Analysts from Infonetics, IDC and Dell'Oro see a ramp in switch port shipments and revenue as enterprises and service providers seek more performance.
The rapidly changing demands that enterprise and cloud applications are putting on enterprise and hyperscale networks for more speed and better performance helped drive record sales for Ethernet switches last year, according to industry analysts.
Infonetics Research analysts said in a research report this week that sales in 2014 hit $21.7 billion
, a 5 percent increase from the year before. The numbers echoed what IDC analysts found
earlier last month, when they announced that in the fourth quarter of 2014, Ethernet switch revenues reached a record $6.2 billion—a 3.8 percent increase from the same period in 2013—and that for the entire year, revenues grew 3.9 percent.
Both research firms noted that 10 Gigabit Ethernet switch revenue is slowing as prices fall, though port shipments grew strongly, between 24.4 percent (according to IDC) and 27 percent (Infonetics). They also both noted that what will be key to accelerating growth going forward will be 40GbE.
"Despite precipitous price erosion, 10Gb Ethernet is the primary growth driver of the Ethernet switching market, with 40Gb Ethernet growing in stature quickly, as data centers seek greater capacity to deliver a feverishly proliferating ecosystem of enterprise and cloud applications," Rohit Mehra, vice president of network infrastructure at IDC, said in a statement. "The 1Gb Ethernet market remains important to the enterprise campus network, although price declines will potentially challenge market growth."
Matthais Machowinski, directing analyst for enterprise networks and video at Infonetics, said organizations that run large data centers are continuing to migrate to 40GbE, while mainstream enterprises are still waiting to make a broad move from 1GbE to 10GbE.
"As a result, 40GE is the key growth segment right now, but we expect this to last only another one to two years, after which 25GE and 100GE technology takes over," Machowinski said in a statement.
With the rise of such trends as mobile computing, big data, social networking and the cloud, networks are under increasing demand for more speed and greater capacity. Those demands, as well as new models like software-defined networking (SDN) and network-functions virtualization (NFV), are revamping what the networking industry looks like, according to analysts with Dell'Oro Group.
In a report released April 1, Dell'Oro analysts said there is continued fragmentation
within the Ethernet switch market as the campus, data center, small and midsize business (SMB) and carrier Ethernet segments continue to evolve and contract.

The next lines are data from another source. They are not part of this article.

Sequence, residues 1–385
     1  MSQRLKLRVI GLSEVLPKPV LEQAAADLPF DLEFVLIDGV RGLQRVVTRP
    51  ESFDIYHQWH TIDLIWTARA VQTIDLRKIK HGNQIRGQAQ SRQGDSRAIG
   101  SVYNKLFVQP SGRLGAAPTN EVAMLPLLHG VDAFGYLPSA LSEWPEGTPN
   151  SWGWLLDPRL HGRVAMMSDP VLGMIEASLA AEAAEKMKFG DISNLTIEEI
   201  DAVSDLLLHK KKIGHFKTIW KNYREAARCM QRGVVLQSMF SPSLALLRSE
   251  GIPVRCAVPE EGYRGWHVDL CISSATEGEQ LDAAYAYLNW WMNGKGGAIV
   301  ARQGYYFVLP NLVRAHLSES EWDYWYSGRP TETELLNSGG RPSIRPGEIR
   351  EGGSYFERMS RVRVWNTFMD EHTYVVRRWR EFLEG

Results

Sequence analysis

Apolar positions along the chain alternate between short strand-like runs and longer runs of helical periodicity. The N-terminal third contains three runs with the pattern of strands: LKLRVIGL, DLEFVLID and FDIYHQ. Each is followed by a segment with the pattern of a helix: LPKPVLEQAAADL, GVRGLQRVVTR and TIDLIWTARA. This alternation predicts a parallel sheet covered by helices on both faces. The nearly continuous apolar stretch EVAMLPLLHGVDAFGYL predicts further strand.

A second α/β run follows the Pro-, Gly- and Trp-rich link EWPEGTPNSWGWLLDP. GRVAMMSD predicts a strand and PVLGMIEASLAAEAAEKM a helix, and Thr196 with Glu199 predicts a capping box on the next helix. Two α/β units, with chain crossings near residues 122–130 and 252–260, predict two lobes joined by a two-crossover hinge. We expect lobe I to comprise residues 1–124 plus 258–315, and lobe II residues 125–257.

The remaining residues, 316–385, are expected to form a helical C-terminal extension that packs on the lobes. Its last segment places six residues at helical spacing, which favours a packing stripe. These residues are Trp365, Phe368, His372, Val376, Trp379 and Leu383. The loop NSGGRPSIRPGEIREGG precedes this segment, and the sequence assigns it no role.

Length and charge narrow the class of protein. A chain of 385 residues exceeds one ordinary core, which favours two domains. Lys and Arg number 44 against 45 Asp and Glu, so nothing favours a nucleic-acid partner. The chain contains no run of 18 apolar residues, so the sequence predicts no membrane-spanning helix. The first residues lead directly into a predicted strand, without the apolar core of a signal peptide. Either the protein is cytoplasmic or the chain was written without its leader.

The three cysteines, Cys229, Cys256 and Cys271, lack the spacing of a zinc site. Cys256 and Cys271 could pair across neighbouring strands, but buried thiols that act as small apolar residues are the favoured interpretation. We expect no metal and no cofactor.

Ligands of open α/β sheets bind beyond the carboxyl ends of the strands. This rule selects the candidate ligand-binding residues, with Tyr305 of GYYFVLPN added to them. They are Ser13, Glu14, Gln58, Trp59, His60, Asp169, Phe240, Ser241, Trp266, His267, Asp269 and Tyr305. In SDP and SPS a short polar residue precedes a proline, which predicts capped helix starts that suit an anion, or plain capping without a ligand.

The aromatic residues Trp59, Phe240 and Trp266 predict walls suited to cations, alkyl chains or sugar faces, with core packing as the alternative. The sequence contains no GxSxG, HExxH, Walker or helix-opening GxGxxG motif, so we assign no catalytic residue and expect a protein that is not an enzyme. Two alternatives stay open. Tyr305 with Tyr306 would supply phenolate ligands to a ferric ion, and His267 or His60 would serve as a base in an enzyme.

"The Ethernet switch market continued to evolve rapidly in 2014, with vendors performing very differently in each segment of the market," Alan Weckel, vice president of Ethernet switch research at Dell'Oro, said in a statement. "In looking to our forecast, we believe the demands of the cloud and higher speeds of Ethernet, such as 25G bps, 50G bps and 100G bps, will cause the vendor landscape in the data center market to change significantly."
The campus networking market is moving toward a cycle that will see speeds upgraded to 2.5G bps and 5G bps as it looks to support faster WLAN access points, Weckel said.
Petr Jirovsky, research manager in IDC's Networking Trackers Group, also noted the disparate needs of varying groups.
"The Ethernet switch market continues to be a story of the ascendance of greater speeds and feeds, namely 10Gb and 40Gb Ethernet," Jirovsky said in a statement. "However, differences in deployment needs across different segments and geographies keep all speeds relevant to the overall market."
According to Infonetics, 10GbE port shipment growth was fueled by data center upgrades, server virtualization and the build-out of core networks. At the same time, 40GbE last year saw port shipments triple and revenue double, while 100GbE port shipments jumped more than sixfold. The momentum for 100GbE will continue into 2015 and later as it grows in use on fixed switches and as low-cost optics expands, the analysts said.
The research firms found that established networking vendors, including Cisco Systems and Hewlett-Packard, saw Ethernet switch revenues grow. Cisco continues to be the dominant player, though its market share slipped to 61.1 percent in last year's fourth quarter from 62.9 percent in the third quarter, according to IDC analysts.
The analysts also noted the rise of other vendors as well as white-box makers
—original design manufacturers (ODMs) that sell their low-cost hardware directly to businesses rather than going through a brand partner. Infonetics said white boxes are getting a lot of attention from large Web services businesses and content providers likes Google and Amazon, while Dell'Oro analysts noted that Arista Networks and the white-box and bare-metal switch segments each saw their revenues jump more than 40 percent in 2014.